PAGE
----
"We've addressed that and realize that's one of our strengths. We're not going to feed the animosity after whistles," Vancouver center Manny Malhotra said. "We're not going to gain anything from it and the referees are starting to crack down on the nonsense after the whistles. Our focus is on playing between the whistles.

"I think it's the nature of playoff hockey. As the series goes on, the rivalries and the animosity grows. I think that was an effect of being in the playoffs (Monday). You see a lot more hostility toward one another. But we've cleaned that up and we realize where our focus needs to be."

Both Lucic and Recchi said they were reprimanded by the Boston coaching staff after their taunting acts.

"I got in trouble for that," Recchi said. "(Julien) gave me heck for that. We didn't know this morning that he said something.  You know, it's emotional out there. But it won't happen again. Obviously when it happens to one of your teammates, they kind of mock you a little bit, when it happened in Game 1, it was a little bit -- you know, it's a little bit of frustration on our part. It is what it is, and we'll forget about it and get ready for the next game."
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Posted On Sunday, 06.05.2011 / 2:25 AM

By Corey Masisak -  NHL.com Staff Writer /NHL.com - Stanley Cup Final: Canucks vs. Bruins

Thomas pays price for aggressive goaltending

Tim Thomas is an aggressive goaltender, maybe the most aggressive in the NHL.

Being aggressive is part of his personality, and it often enables him to make brilliant saves. He challenges shooters, often coming out of the blue paint to cut off angles and not let the bodies in front of him affect his ability to make the save.

But every now and then, opponents are able to use that aggressiveness against him. Both of the game-winning goals in this 2011 Stanley Cup Final have come on plays where Thomas came out of his net and the Canucks were able to counter it.

"I think at the stage we're at right now, if I ask him to change his style, I'm not sure that's real good advice," Boston coach Claude Julien said.

Raffi Torres directed a pass from Jannik Hansen past Thomas with 18.5 seconds left in Game 1. Thomas came out to challenge Hansen, who was skating in from the right point, and the Danish forward sent the puck to Torres cutting toward the left post.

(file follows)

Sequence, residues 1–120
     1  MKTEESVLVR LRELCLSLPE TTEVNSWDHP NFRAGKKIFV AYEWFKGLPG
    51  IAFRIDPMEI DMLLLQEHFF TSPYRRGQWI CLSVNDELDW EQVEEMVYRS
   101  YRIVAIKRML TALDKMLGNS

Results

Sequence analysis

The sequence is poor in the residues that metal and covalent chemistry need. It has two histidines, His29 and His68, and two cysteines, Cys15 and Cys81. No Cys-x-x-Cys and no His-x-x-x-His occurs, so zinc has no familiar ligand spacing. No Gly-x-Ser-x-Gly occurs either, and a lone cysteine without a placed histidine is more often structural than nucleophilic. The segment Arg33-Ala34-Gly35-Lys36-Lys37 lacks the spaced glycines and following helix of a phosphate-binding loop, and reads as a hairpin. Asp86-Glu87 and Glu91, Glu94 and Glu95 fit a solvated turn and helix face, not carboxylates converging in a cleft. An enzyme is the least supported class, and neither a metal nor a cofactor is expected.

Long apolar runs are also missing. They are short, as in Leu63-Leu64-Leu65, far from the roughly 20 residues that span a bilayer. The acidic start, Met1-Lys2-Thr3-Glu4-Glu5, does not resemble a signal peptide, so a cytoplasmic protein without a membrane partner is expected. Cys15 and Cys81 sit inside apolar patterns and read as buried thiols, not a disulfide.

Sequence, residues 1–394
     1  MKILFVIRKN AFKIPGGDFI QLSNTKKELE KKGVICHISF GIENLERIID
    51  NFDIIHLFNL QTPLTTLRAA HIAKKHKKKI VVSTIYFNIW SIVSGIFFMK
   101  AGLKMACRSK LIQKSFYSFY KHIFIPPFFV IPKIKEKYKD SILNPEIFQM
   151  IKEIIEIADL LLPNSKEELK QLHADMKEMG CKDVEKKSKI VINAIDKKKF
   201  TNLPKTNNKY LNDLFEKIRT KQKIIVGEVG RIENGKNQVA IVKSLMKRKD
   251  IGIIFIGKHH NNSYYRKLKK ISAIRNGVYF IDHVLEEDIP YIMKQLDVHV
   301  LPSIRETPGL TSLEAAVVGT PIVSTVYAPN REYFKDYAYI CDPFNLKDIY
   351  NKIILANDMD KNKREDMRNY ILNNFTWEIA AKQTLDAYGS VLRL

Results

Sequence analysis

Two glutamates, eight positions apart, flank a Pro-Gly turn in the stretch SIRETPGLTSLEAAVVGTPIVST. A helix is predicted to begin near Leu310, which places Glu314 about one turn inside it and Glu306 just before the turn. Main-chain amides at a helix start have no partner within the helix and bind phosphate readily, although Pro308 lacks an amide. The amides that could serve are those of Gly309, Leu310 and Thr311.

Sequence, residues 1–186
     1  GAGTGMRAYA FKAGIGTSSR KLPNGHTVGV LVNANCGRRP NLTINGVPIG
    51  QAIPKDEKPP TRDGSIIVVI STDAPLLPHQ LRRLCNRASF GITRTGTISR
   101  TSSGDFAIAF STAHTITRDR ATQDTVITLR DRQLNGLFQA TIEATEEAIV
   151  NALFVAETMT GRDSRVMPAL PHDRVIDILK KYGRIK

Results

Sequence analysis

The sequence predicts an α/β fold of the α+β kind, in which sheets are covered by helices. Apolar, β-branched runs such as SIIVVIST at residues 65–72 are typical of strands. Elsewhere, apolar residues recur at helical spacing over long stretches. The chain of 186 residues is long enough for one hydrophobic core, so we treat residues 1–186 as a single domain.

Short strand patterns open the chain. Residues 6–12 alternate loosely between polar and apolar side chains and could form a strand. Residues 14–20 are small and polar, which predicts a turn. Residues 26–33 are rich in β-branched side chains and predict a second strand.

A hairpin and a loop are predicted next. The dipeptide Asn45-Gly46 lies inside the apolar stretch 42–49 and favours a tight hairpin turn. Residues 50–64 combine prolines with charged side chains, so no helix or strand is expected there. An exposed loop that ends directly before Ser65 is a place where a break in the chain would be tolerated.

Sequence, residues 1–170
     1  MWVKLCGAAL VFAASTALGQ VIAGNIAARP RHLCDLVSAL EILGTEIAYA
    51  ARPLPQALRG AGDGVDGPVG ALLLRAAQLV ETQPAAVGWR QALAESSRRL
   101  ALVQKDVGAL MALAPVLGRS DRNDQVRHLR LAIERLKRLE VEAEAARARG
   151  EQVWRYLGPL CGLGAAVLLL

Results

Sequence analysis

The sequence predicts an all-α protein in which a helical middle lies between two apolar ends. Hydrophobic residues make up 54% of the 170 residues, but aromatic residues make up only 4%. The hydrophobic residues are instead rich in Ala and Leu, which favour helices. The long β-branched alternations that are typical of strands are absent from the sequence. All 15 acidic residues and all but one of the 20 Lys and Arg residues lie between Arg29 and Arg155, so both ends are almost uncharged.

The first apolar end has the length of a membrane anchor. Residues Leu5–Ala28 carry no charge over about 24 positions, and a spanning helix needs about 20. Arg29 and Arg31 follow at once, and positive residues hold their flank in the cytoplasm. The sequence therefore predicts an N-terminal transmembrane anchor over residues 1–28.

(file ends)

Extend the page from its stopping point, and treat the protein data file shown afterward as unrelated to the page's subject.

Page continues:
Alexandre Burrows also drew Thomas away from the cage with a shot fake as he broke down left wing early in overtime of Game 2. Thomas overcommitted on the play, so Burrows went behind the net and slipped in the game-winner on a wraparound before Thomas could recover.
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Posted On Thursday, 06.02.2011 / 9:01 PM

By Corey Masisak -  NHL.com Staff Writer /NHL.com - Stanley Cup Final: Canucks vs. Bruins

Something's Bruin in Boston

The city of Boston has embraced the Bruins during their run to the Stanley Cup Final, and that was evident when the television ratings for Game 1 where released Thursday.

Game 1 between the Bruins and the Vancouver Canucks earned a 3.2 overnight rating and a 6 share nationally, making it the most-watched opening game of the Final series since 1999. A big reason for that was the huge numbers in Boston, where the game had a 25.5 rating and a 39 share.

"I think it's great news. It's awesome," Bruins center Patrice Bergeron said. "To be honest, back home we could feel it. The whole city was really behind us. They still are behind us throughout the playoffs and the season. It means a lot to us. Obviously we want to do it for them. But we can feel all the support and that's something great."

To put it into perspective, Game 1 actually had better ratings in Boston than Game 1 of the 2010 NBA Finals, which featured the Boston Celtics and Los Angeles Lakers.

The Boston Red Sox have also moved the start time of their game Saturday to allow fans to watch Game 2 of the Cup Final and still attend the contest at Fenway Park.

"That's the respect there is in Boston as far as the Red Sox are concerned," coach Claude Julien said. "They're big fans of ours and we're big fans of theirs. That's something that has been going on for a long time now. That's what Boston is all about. They're supportive of all their teams.

"Obviously, hockey for the longest of times was something so big in Boston. It kind of lost its luster in those difficult times. I think right now what we're seeing is it's certainly coming back in the right direction. It's been a lot of fun being part of it."
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Quote of the Day

When I first became captain here, Monsieur Beliveau came to me and said, 'You're going to be fine. You don't have to change, you got selected because of who you are.'

— Saku Koivu on Thursday, recalling what he was told by the late Jean Beliveau when he was named Canadiens captain in 1999